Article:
Tags: Abatacept, anti-TNF, arthritis, biologic, Cochrane Review, inflamation, inflamed joints, intranasal, NICE, nostrils, pain, recombinant Human Cartilage glycoprotein-39, rhematoid arthritis
Current NICE guidelines say that Abatacept (one of the many biologics, anti-TNFs) should not be used in R.A. patients who have not responded to other biologics. Now a Cochrane Review (a review designed to help policy makers and healthcare workers make decisions on what is and isn’t effective) says that Abatacept IS effective in R.A. treatment. NICE are already in the process of reviewing their current guidance, but a decision is not expected until June 2010. The review strongly recommends that for the moment Abatacept is not used WITH other biologics – but says nothing about use if other biologics have been tried and have failed, which suggests that perhaps NICE should be recommending it for those with rheumatoid arthritis who have failed on other anti-TNFs.
Like all anti-TNFs, how safe it is in the long term has not yet been established – because none of them have been around long enough, but the Cochrane review (by Dr. Lisa Maxwell in Ottawa) showed that patients given Abatacept were twice as likely to achieve a 50% improvement in symptoms such as pain and the number of tender and swollen joints.
In the meantime a study on intranasal administration of recombinant Human Cartilage glycoprotein-39 for treatment of R.A. has failed. Personally I don’t fancy a regular treatment via my nostrils … although if I had moderate to severe R.A. I guess I’d try anything once! However it didn’t show any improvement over placebo, so I dare say I will never need to try that one. Phew.
Tags: rhematoid arthritis, rheumatology, RA, Rheumatoid arthritis, arthritis, fibromyalgia, pain, joint pain, car, rheumatoid arthritis (RA), stress, fatigue, aches, health, one injection cure for RA
I was just revisiting my first ever post, about reasons to be cheerful, and I was pleased to see that most of them still stand (the last one doesn’t and one other … if you read it, and if you’ve read some of my other posts, I’m sure you won’t have trouble guessing which one no longer stands! But the point is there’s obviously a lot to still be cheerful about!
While I was at it I thought I’d revisit the nearest post last year to today’s date, and guess what? The car broke down then too! Now that time it cost me an absolute fortune, so another reason to be cheerful is that it’s really not so bad this time. (Although to be honest the car really has got to the point where I should be thinking about replacing her.)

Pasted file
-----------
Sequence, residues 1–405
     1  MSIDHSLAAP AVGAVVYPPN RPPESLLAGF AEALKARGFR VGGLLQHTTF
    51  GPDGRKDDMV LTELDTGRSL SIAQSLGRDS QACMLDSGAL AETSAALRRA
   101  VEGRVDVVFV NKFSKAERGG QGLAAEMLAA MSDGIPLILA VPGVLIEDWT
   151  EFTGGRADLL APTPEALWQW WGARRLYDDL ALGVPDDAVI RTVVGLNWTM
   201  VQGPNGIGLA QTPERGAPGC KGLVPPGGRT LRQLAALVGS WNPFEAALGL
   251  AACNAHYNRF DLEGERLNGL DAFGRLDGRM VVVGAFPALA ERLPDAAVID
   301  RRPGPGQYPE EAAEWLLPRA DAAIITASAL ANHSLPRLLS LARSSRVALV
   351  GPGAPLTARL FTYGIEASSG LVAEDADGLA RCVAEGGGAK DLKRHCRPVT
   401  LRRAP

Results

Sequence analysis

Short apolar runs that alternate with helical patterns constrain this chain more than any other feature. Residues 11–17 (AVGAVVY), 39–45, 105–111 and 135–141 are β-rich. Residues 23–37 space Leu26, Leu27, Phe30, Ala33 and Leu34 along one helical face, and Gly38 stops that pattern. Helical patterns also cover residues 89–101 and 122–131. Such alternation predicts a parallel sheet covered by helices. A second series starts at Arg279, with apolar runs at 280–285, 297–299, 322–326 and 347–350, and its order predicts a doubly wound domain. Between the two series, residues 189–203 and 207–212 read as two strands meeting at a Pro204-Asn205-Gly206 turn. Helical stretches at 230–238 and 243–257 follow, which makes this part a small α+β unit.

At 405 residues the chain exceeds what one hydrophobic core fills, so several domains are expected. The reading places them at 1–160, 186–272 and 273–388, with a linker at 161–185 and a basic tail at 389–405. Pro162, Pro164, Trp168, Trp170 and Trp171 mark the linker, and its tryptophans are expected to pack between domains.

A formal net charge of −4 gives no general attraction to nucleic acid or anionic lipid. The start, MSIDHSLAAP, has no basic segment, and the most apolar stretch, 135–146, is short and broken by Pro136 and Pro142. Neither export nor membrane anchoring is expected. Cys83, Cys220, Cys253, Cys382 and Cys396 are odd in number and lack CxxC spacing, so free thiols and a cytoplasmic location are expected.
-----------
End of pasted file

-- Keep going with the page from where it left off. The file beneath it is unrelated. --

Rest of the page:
And a final reason to be cheerful is that I’m SO much better, health-wise, than I was this time last year! I was having a terrible time with the RA then – giant puffball knees, every joint aching (or at least it seemed that way) and probably as yet undiagnosed fibromyalgia on top of that! This year it seems that maybe they’ve finally got the medication dosage right (for now anyway) and I’m really doing very well indeed. If that’s not a reason to be cheerful then I don’t know what is! Here’s hoping it lasts – and wishing all my virtual and actual RA friends a similar and long-lasting outcome!
Now if only we could hear a bit more about that ‘one injection cure for RA’ that was being so hyped this time last year …
Tags: RA, flare, fibromyalgia, pain, hospital, physio, fatigue, aches
I can now claim to know the car park at the hospital where I have physio quite intimately. I know how many spaces there are, I know what sort of trees surround it, I know the view across the fence over the corn field, I know there are blue tits and great tits and some sort of finch foraging in the trees, I know that the oak tree has a few early common spangle galls on it.
No, I wasn’t doing some sort of strange nature survey of the hospital car park – I was waiting for the RAC! Yes, the car has broken down AGAIN! Having lost my marbles and my rag, I have now also lost my car! (Well, hopefully not permanently, but it’s in the garage.)
My wonderful hubby drove out to see if he could help and,although he couldn’t, he waited another hour with me until the RAC arrived. It was a 2.5 hour wait in total – not fun.
Fortunately the RAC guy (who was nowhere near as lovely as the adverts would like you to believe, but OK) got the car going – but I had to take it into the garage because it was still showing faults.